We granted certiorari in these cases in which the United States seeks to enjoin the New York Times and the Washington Post from publishing the contents of a classified study entitled "History of U. S. Decision-Making Process on Viet Nam Policy." Post, pp. 942, 943.
"Any system of prior restraints of expression comes to this Court bearing a heavy presumption against its constitutional validity." Bantam Books, Inc. v. Sullivan, 372 U.S. 58, 70 (1963); see also Near v. Minnesota, 283 U.S. 697 (1931). The Government "thus carries a heavy burden of showing justification for the imposition of such a restraint." Organization for a Better Austin v. Keefe, 402 U.S. 415, 419 (1971). The District Court for the Southern District of New York in the New York Times case and the District Court for the District of Columbia and the Court of Appeals for the District of Columbia Circuit in the Washington Post case held that the Government had not met that burden. We agree.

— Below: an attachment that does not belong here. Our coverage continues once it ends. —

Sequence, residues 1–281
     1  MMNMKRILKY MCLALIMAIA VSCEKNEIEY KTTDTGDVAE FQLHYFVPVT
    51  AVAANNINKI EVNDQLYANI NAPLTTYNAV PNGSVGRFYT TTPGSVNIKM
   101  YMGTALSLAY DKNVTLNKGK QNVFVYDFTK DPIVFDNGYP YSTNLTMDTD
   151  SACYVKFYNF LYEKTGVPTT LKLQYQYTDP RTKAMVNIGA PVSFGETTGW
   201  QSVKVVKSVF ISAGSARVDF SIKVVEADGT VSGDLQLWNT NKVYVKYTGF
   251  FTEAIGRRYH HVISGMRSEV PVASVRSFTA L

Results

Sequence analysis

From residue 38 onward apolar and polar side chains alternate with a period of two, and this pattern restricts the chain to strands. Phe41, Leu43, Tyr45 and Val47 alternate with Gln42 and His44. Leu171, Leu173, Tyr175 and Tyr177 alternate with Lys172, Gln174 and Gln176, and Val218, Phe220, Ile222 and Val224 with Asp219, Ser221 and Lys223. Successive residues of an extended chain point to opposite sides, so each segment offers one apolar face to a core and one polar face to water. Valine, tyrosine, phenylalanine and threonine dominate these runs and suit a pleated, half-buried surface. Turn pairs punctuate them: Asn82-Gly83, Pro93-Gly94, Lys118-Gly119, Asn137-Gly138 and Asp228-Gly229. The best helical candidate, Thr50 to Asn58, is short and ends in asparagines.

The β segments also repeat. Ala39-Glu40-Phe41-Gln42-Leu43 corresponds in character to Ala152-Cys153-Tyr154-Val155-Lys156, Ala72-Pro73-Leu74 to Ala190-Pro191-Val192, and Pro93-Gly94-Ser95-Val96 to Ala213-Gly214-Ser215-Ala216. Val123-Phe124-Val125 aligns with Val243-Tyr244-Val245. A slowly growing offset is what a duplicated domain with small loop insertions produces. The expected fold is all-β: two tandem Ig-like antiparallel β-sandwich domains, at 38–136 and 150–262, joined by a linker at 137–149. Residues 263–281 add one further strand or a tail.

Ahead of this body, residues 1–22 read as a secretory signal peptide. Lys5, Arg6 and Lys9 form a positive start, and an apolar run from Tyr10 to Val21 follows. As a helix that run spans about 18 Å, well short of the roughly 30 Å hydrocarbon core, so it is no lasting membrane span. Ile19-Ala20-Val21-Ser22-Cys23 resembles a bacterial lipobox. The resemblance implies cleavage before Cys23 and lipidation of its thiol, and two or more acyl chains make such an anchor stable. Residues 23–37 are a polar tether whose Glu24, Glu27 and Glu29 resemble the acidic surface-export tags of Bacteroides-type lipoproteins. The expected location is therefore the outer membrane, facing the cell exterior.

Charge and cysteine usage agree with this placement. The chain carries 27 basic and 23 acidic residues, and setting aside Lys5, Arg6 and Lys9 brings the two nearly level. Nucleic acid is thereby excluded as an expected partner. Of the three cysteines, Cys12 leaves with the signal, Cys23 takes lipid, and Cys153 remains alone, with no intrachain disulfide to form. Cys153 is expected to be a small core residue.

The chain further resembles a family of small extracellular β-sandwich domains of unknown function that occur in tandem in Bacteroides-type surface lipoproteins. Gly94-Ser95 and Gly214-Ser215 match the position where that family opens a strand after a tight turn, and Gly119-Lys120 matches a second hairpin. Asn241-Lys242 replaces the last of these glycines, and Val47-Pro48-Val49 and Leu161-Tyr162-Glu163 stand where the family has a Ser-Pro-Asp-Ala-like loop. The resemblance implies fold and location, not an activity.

The judgment of the Court of Appeals for the District of Columbia Circuit is therefore affirmed. The order of the Court of Appeals for the Second Circuit is reversed and the case is remanded with directions to enter a judgment affirming the judgment of the District Court for the Southern District of New York. The stays entered June 25, 1971, by the Court are vacated. The judgments shall issue forthwith.
MR. JUSTICE BLACK, with whom MR. JUSTICE DOUGLAS joins, concurring.
I adhere to the view that the Government's case against the Washington Post should have been dismissed and that the injunction against the New York Times should have been vacated without oral argument when the cases were first presented to this Court. I believe
Our Government was launched in 1789 with the adoption of the Constitution. The Bill of Rights, including the First Amendment, followed in 1791. Now, for the first time in the 182 years since the founding of the Republic, the federal courts are asked to hold that the First Amendment does not mean what it says, but rather means that the Government can halt the publication of current news of vital importance to the people of this country.